NATURE conservation charities have called for a transport plan which affects Oxfordshire to do more to address the climate and ecological emergencies

The charities include the RSPB; the Berkshire, Buckinghamshire and Oxfordshire Wildlife Trust; the Wildlife Trust for Beds, Cambs & Northants; and the Herts and Middlesex Wildlife Trust.

They have urged regional transport body England’s Economic Heartland to adopt higher ambitions to decarbonise transport and restore nature in the face of climate and ecological emergencies.

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The group of four wildlife conservation organisations, who between them have more than 218,000 members in the area covered by EEH, responded to a public consultation on a transport strategy for the region.

The recent State of Nature 2019 report found that climate change is driving widespread changes in the abundance, distribution and ecology of the UK’s wildlife.

They called for EEH to support measures to limit and adapt to climate change and reverse biodiversity declines.

Banbury Cake:

The approximate area covered by the Oxford Cambridge Arc. Picture: Google Maps.

In particular, the charities highlighted concerns about proposals for two major transport infrastructure projects in the region, the Oxford to Cambridge Expressway and East-West Rail, which they say in their present form are incompatible with the UK’s legally binding target to achieve net-zero greenhouse gas emissions by 2050.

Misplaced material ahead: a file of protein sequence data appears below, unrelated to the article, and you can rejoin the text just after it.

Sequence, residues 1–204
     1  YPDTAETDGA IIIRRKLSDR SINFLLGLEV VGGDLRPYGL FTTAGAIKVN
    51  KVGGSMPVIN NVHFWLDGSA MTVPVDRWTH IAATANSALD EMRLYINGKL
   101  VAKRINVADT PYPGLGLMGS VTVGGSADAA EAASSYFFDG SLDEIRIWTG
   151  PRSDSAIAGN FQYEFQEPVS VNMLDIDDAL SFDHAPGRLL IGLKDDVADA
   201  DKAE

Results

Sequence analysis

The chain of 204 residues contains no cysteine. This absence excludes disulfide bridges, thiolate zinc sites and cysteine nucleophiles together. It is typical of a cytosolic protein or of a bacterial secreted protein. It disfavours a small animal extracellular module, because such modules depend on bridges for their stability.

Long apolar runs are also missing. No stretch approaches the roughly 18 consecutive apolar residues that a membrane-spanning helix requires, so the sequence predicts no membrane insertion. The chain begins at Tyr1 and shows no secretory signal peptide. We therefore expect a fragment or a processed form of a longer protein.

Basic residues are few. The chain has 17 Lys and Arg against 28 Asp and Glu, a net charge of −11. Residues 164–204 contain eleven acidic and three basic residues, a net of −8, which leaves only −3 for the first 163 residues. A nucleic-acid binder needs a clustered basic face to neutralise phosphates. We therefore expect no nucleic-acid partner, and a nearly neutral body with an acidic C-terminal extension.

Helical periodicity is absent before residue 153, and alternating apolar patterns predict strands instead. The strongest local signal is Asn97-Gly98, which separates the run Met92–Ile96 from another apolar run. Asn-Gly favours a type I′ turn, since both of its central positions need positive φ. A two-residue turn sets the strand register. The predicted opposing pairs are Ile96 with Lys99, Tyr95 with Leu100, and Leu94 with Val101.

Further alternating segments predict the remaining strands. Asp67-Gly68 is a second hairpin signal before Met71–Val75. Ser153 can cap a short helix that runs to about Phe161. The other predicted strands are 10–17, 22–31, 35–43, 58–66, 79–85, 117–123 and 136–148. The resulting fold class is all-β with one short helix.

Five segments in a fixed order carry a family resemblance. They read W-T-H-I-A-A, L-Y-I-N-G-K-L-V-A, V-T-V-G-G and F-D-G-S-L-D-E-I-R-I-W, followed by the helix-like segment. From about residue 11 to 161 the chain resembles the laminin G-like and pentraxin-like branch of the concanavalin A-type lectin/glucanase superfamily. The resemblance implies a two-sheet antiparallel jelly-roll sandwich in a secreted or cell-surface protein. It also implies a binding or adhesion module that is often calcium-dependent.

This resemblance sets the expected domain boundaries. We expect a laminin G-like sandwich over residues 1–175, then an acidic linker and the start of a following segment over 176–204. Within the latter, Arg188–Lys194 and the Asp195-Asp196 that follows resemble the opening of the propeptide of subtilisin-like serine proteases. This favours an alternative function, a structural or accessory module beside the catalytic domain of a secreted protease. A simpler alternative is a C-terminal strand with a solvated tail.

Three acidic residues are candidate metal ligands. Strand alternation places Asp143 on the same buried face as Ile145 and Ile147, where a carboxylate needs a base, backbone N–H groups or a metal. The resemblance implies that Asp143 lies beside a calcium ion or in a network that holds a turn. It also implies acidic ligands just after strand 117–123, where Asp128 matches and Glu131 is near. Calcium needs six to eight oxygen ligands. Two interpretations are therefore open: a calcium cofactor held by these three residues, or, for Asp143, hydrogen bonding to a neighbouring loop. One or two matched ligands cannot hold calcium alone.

Colin Wilkinson, RSPB senior conservation officer: “Neither the Department for Transport nor the bodies responsible for delivering the Expressway and East-West Rail have presented any evidence of how they would contribute positively to achieving net-zero emissions nationally by 2050, let alone earlier.

“This seems to be wholly incompatible with the urgent need to reduce emissions from the transport sector.

“That is why we are asking EHH to explicitly support the need for carbon impact assessments for both the Expressway and East-West Rail.”

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The Oxford to Cambridge Expressway and East-West Rail are key components of the Oxford to Cambridge Growth Arc that could see up to a million new houses built between the two university cities by 2050.

The routes followed by the Expressway and East-West Rail will have a significant influence over the location of any new residential and business development, which could include new towns and villages.

The charities said they are not aware of any environmental assessments or studies that consider the links between the transport infrastructure and housing components of the Growth Arc proposals, or impacts these could have on wildlife and the environment.